Some students have been working out the number of strands needed for different sizes of cable. Can you make sense of their solutions?
The aim of the game is to slide the green square from the top right
hand corner to the bottom left hand corner in the least number of
Use the animation to help you work out how many lines are needed to draw mystic roses of different sizes.
A game for 2 players
The triangle OMN has vertices on the axes with whole number co-ordinates. How many points with whole number coordinates are there on the hypotenuse MN?
Can you find a rule which connects consecutive triangular numbers?
A cyclist and a runner start off simultaneously around a race track each going at a constant speed. The cyclist goes all the way around and then catches up with the runner. He then instantly turns. . . .
Can you find a rule which relates triangular numbers to square numbers?
To avoid losing think of another very well known game where the
patterns of play are similar.
Watch these videos to see how Phoebe, Alice and Luke chose to draw 7 squares. How would they draw 100?
Build gnomons that are related to the Fibonacci sequence and try to
explain why this is possible.
Show that all pentagonal numbers are one third of a triangular number.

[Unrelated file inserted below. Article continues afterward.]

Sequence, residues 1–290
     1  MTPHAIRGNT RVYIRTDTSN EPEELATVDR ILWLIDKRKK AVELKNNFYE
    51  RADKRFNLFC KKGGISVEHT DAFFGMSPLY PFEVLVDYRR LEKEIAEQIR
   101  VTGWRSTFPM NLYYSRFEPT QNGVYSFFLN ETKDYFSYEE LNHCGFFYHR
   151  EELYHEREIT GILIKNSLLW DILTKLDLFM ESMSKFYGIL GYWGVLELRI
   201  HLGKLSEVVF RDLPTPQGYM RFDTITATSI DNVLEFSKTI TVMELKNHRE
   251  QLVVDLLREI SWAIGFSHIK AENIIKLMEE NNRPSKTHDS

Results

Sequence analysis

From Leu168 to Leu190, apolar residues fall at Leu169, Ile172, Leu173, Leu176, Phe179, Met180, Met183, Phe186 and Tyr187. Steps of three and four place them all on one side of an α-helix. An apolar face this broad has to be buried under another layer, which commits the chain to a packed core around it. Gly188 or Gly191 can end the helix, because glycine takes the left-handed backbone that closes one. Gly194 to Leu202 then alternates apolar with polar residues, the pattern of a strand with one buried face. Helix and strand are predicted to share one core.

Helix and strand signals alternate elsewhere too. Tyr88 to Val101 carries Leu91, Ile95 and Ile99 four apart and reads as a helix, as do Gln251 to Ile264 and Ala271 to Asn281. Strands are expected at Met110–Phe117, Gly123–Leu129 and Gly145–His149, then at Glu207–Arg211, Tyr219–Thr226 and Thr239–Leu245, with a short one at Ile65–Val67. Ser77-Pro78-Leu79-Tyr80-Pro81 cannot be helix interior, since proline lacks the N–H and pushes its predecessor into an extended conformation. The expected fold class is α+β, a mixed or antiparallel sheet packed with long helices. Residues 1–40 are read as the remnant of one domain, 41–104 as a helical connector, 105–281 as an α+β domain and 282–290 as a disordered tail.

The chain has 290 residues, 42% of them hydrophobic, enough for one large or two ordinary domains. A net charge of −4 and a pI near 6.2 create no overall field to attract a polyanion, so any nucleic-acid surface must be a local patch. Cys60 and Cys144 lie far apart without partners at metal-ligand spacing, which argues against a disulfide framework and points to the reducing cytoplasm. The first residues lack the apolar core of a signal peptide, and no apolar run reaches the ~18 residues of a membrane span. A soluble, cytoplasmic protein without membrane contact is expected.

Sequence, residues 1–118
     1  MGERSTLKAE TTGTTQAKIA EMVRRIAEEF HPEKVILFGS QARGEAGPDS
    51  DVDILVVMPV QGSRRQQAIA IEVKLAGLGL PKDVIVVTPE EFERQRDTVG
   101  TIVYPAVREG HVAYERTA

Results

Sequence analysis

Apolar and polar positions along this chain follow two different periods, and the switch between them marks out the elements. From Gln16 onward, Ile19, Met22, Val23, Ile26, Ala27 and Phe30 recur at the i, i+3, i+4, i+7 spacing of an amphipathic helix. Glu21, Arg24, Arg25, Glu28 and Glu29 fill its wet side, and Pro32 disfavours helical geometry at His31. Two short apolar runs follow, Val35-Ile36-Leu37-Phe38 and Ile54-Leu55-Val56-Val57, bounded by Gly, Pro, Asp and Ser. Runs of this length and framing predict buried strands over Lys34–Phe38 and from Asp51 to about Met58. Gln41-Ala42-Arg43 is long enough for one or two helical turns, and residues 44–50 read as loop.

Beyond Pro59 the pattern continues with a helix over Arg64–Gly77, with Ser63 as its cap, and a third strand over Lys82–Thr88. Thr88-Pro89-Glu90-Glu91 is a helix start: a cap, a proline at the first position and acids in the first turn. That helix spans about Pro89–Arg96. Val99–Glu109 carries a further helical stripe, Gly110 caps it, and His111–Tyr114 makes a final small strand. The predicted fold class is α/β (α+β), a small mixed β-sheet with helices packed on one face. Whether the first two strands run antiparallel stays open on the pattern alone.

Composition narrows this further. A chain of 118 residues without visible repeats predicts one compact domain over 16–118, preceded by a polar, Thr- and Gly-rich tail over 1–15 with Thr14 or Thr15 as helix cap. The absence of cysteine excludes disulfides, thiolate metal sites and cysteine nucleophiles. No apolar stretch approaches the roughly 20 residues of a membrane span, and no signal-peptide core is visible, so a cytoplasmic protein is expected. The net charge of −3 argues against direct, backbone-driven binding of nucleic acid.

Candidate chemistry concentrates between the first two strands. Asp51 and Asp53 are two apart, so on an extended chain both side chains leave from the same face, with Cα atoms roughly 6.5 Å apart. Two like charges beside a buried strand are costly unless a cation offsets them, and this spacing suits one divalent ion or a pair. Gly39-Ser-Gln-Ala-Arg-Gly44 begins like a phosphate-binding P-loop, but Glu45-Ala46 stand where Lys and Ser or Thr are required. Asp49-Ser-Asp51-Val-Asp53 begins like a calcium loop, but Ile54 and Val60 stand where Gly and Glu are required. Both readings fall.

Problem solving is at the heart of the NRICH site. All the problems
give learners opportunities to learn, develop or use mathematical
concepts and skills. Read here for more information.
How many winning lines can you make in a three-dimensional version of noughts and crosses?
Can you use the diagram to prove the AM-GM inequality?
Some puzzles requiring no knowledge of knot theory, just a careful
inspection of the patterns. A glimpse of the classification of
knots and a little about prime knots, crossing numbers and. . . .
Jo made a cube from some smaller cubes, painted some of the faces of the large cube, and then took it apart again. 45 small cubes had no paint on them at all. How many small cubes did Jo use?
A huge wheel is rolling past your window. What do you see?
How could Penny, Tom and Matthew work out how many chocolates there
are in different sized boxes?
Can you see how this picture illustrates the formula for the sum of
the first six cube numbers?
ABC is an equilateral triangle and P is a point in the interior of
the triangle. We know that AP = 3cm and BP = 4cm. Prove that CP
must be less than 10 cm.
Can you discover whether this is a fair game?
Two motorboats travelling up and down a lake at constant speeds
leave opposite ends A and B at the same instant, passing each
other, for the first time 600 metres from A, and on their return,
400. . . .
Bilbo goes on an adventure, before arriving back home. Using the
information given about his journey, can you work out where Bilbo
Can you make a tetrahedron whose faces all have the same perimeter?
Triangle numbers can be represented by a triangular array of squares. What do you notice about the sum of identical triangle numbers?
The picture illustrates the sum 1 + 2 + 3 + 4 = (4 x 5)/2. Prove the general formula for the sum of the first n natural numbers and the formula for the sum of the cubes of the first n natural. . . .
This article for teachers discusses examples of problems in which